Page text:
Many things can be used to describe the Shawnee leader Tecumseh. Hero, Legend, Warrior, Hunter. Like many who fought in the war, Tecumseh’s name only became larger after his death, following in the line of those like Perry, Harrison, Brock, and Secord. But the war was in Tecumseh’s blood, despite him wanting nothing more than peace. Born in the latter half of the 1760s in the Ohio Valley, he was born into conflict. His true name, Tecumethe, meaning shooting star, was given to him as he was born under such an astrological sign. However, history has named him Tecumseh. The Shawnee had been forced toRead More →

I’m a craft beer fan and play on old cop show titles. I found myself in Toronto, so I decided that despite the cold, I would lug my 4×5 to the Distillery District (which is nothing considering Mat dragged his 8×10 there a couple of years ago now). Since it was around lunch, I decided to check out the Mill Street Brewpub. I had stopped in before for a pint and apps, but never for a complete meal. I was not disappointed in either the beer or the food. It’s someplace I will for sure be going back to! Modified Anniversary Speed Graphic – KodakRead More →

So why go back and revisit photos that are getting close to four years old now, I have plenty of new good content to share. However there is something to be said for taking a look back at your photographic journey, and to see where, everything changed. For me, that change really took place here, in Montreal Quebec during my vacation there in 2010. I think my muse finally woke up in Montreal, especially in old Montreal. And film started to come back to me in a big way. But not just medium, but stylistically I finally got what I was looking for in myRead More →

Anyone who is a fan of the Film Photography Podcast is probably aware of a fantastic photographer named Jim Austin or Jimages. Well, week 5 is probably because of Jim and his philosophy of slow photography. See, I took this photo before I lugged out the camera. I came across this scene the day prior, stopped the car, got out, and admired it, but I didn’t take the photo then. I waited a good 24 hours before dragging the camera out. It took me that long to build the final picture in my head. And while that is taking the risk of not seeing theRead More →

Born into the American aristocracy on August 9th, 1773. Harrison was the youngest of seven children born to Benjamin Harrison V and his wife Elizabeth. He grew up on he Berkely Planation in Charles City County Virginia. He entered school at age 14 studying the classics, then entered the field of medicine at the University of Pennsylvania in 1790, after the death of his father in 1791 leaving little funds for him to continue his studies a friend arranged for him to meet Governor Henry Lee, and within a day Harrison accepted an Ensigns commission in the United States Army and was assigned to theRead More →

The one major landmark in the centre of Mississauga is the hourglass-shaped condos by Square One. I was always wondering where the best place to shoot them would be, so very early, I started scouting out exactly where to shoot from. The best spot is the very top of the mall’s parking garage. Modified Anniversary Speed Graphic Schneider-Kreuznack Angulon 1:6,8/90 (Yellow 15) Kodak Tri-X Pan (320TXP) Meter: Pentax Spotmeter V 1/25″ – f/32 – ASA-320 Kodak Xtol (1+1) 8:30 @ 20CRead More →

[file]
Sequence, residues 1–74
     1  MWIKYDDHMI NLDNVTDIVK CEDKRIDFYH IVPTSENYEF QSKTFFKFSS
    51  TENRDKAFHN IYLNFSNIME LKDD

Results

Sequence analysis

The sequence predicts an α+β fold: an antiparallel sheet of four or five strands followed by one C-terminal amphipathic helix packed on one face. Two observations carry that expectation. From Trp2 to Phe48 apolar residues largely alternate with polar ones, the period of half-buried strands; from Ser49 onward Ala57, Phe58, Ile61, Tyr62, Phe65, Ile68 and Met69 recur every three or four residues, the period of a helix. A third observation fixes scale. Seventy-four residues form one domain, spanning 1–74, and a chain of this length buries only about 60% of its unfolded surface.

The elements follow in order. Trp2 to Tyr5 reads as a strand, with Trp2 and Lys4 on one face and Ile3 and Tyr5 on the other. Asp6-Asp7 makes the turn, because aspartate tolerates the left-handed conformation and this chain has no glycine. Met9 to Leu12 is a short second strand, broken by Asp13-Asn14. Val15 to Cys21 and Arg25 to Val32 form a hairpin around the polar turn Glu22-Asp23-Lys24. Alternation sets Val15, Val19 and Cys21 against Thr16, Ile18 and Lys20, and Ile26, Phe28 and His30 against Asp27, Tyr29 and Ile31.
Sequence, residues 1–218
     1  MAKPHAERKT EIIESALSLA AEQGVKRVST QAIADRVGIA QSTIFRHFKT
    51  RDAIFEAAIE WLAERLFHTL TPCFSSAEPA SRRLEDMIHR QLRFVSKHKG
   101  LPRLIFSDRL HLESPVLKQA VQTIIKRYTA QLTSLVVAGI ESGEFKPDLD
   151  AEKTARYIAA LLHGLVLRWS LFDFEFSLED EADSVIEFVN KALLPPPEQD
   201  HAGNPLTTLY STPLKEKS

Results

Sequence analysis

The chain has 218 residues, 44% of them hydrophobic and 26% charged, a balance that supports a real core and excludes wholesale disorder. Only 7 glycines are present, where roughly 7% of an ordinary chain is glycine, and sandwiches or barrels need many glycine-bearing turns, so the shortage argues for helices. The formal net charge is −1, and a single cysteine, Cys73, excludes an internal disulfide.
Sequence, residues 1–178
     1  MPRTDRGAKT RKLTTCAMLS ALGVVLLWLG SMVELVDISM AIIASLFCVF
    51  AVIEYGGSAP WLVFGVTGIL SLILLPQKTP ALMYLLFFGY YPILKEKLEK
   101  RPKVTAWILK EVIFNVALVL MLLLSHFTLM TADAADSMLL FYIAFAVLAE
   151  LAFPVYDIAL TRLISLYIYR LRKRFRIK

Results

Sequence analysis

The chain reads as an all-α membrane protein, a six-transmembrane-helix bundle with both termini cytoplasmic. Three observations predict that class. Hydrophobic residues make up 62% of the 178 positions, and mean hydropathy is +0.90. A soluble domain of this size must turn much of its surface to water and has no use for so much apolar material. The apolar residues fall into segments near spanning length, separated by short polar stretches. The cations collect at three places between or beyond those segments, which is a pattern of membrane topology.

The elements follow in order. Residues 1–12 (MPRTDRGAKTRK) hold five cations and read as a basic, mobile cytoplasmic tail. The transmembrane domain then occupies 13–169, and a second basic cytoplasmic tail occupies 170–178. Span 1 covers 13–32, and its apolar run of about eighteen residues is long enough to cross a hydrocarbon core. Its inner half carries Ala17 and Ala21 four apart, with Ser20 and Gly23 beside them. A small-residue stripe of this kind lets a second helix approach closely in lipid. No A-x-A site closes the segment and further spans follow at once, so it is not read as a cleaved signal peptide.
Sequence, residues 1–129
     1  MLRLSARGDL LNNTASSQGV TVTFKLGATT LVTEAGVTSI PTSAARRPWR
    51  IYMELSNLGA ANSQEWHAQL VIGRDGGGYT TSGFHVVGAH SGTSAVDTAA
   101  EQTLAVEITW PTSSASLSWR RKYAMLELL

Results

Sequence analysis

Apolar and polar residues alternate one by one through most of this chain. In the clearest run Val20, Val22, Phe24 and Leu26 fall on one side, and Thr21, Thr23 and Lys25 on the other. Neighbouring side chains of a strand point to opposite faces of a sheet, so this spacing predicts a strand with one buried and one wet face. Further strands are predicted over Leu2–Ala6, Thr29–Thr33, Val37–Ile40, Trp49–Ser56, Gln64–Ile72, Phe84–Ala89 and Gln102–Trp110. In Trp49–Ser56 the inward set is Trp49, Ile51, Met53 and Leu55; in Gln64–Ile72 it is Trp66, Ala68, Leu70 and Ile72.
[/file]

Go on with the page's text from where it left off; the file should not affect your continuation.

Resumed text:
At least my drive to work isn’t all city driving; there are some suburbs, and my favourite section, the rural areas, which can be a pain this winter, especially with the number of storms we’ve been hit with in Southern Ontario. When I first started driving past it almost ten years ago, this barn was intact, part of an abandoned farm (my first experience with urbex). The fields around it are still used, but the barn and the house are not. Sadly the decade has not been kind; storms, rain, snow and ice have knocked it down. Modified Anniversary Speed Graphic – Kodak Ektar f:7.7Read More →

Here’s the deal, the battle of Tippecanoe wasn’t actually a part of the Anglo-American War of 1812. But I have decided to include it because it was really a prelude to the conflict. Think of it like a prequel setting the stage for William Henry Harrison’s campaign of 1813 and the key to Brock’s capture of Fort Detroit with the required assistance of Tecumseh in 1812. Tippecanoe, like the war of 1812 was a culmination of violence between the Native population and the American government, and the idea of American Manifest Destiny. The Tippecanoe Battlefield monument stands on the battle ground still today. Engraved areRead More →

The outlook for General Henry Procter in the west was grim at best, hopeless at the worst. On September 10th, 1813 Commodore Oliver Hazard Perry had managed to take on the British Royal Navy Squadron on Lake Erie and capture all the ships intact, finally wresting control of Lake Erie from the mighty Royal Navy, this left the door wide open for a full out invasion of Upper Canada in the West. We have met the enemy and they are ours, Hazard penned in a dispatch to General William Henry Harrison who was waiting in the south. Harrison took this as an open invitation. ProcterRead More →

Dundurn Castle isn’t a castle, it’s just the name of this stately manor home that sits on Burlington Heights, built over the ruins of the British Strong Point during the War of 1812 and the launch point of the small British Force that defeated the Americans camped at Stoney Creek in June of 1813. The home completed in 1835 was constructed in the Regency Style. Its most famous owner, Sir Allen MacNab, who served during the Rebellions of 1837/8, was a staunch Tory and briefly Premiere of the Province of Canada. Dundurn Castle has always been a draw for me; as a history buff, there’sRead More →